Highlights

Print Post
  • Brooks is, in effect, asking Americans to learn from the kinship work done by those who are outside of the mainstream and who have had no choice except to innovate.   Tweet This
  • One must recognize that forged families have some limitations. These kinship ties are easier to break because they are voluntary. Tweet This
  • The large extended family existed as a sentimental ideal that was rarely achieved—what sociologist William J. Goode once called “the classical family of Western nostalgia.” Tweet This

Editor’s NoteThe following essay from Andrew Cherlin is the fifth response in the Institute for Family Studies' week-long symposium on David Brooks' new essay on the nuclear family. We will be publishing more responses to David Brooks throughout this week, so stay tuned.

In The Atlantic, David Brooks presents his thought-provoking proposal for addressing the ills of the American family—what he describes as forming “forged families”—as if it were a return to the family patterns of the past. It’s more accurately seen, however, as an embrace of newer forms of family life that have been developed by particular groups—African Americans, LGBTQ individuals, remarried people, and so on. They are the innovators in developing kinship-like relationships that go beyond the bond of biology and the legally-recognized ties of marriage and are sometimes referred to as families of choice.

As Brooks acknowledges, these groups have been blazing the trail that he now wants more Americans to follow. For African Americans, the destruction of family ties under slavery and the discrimination faced since then have made reaching out to grandparents, aunts, uncles, and cousins imperative. For LGBTQ individuals, the rejection they sometimes face from their families of origin and, until recently, their exclusion from the institution of marriage have led them to build their own families, where they combine any biological kin who may accept them with partners and close friends whose long-term relationships take on the character of kinship. For divorced and re-partnered individuals, multi-partner fertility and stepfamily ties necessarily take them beyond the nuclear family.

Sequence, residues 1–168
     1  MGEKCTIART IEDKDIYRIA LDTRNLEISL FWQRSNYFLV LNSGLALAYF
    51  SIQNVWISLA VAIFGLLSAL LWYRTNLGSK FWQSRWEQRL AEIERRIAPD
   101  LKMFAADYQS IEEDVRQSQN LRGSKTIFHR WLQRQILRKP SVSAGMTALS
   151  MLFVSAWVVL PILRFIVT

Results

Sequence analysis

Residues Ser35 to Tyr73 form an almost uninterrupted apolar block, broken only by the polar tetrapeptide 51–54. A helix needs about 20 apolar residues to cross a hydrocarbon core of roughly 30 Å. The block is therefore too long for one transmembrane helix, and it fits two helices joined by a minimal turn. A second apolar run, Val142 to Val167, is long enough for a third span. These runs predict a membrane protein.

But in the past, white families were rarely centered on large family groups. To be sure, there were more “corporate” families, as historian Steven Ruggles calls them; yet these were primarily farm families in which an older parent might be present but that rarely included more than one married child or any uncles or cousins. When British historian Alan Macfarlane went searching through centuries of records for evidence that large extended families commonly existed in the English past, he could not find any. In the United States, although the greater extended clan might gather for holidays, weddings, and funerals, they were not a presence in everyday life. The large extended family existed as a sentimental ideal that was rarely achieved—what sociologist William J. Goode once called “the classical family of Western nostalgia.”

Brooks is to be commended for arguing to conservatively-minded observers that a large-scale return to the nuclear family is unlikely except among the privileged, while also maintaining that the alternative families defended by liberals have worked out poorly for the unprivileged.     

Still, Brooks is right to recognize that nuclear families today work best for adults who can find stable employment at decent wages—a shrinking group that includes most college-educated people but a decreasing proportion of those without college educations. And he is correct to note that the cultural tide of individualism has eroded the formation and maintenance of life-long marital ties. He is to be commended for arguing to conservatively-minded observers that a large-scale return to the nuclear family is unlikely except among the privileged, while also maintaining that the alternative families defended by liberals have worked out poorly for the unprivileged.     

As a way out of this dilemma, Brooks is asking mainstream Americans to broaden the scope of their families—not because they must but because alternatives, such as nuclear families and single-parent families, are too limited to succeed in today’s economic and cultural milieu. He urges Americans to undertake the work of creating and expanding kinship as a way to make their families stronger and more resilient. He is, in effect, asking them to learn from the kinship work done by Americans who are outside of the mainstream and who have had no choice except to innovate.  

But one must recognize that forged families have some limitations. These kinship ties are easier to break because they are voluntary; neither strong norms nor laws stand in the way of ending them. They also take continual work to maintain: Although your sister is always your sister and your spouse is always your spouse, your close friend is part of your forged family only as long as you and she actively support each other.  

Nevertheless, Brooks’s intriguing proposal deserves our consideration. It could provide a way forward for the many working-class and lower-middle-class individuals who want strong, stable family bonds but who can’t maintain—or at least believe that they can’t maintain—the model nuclear family of the past.

Andrew Cherlin is Chair of the Department of Sociology and Director of the Program on Social Policy at Johns Hopkins University. His most recent book is Love's Labor Lost: The Rise and Fall of the Working-Class Family in America.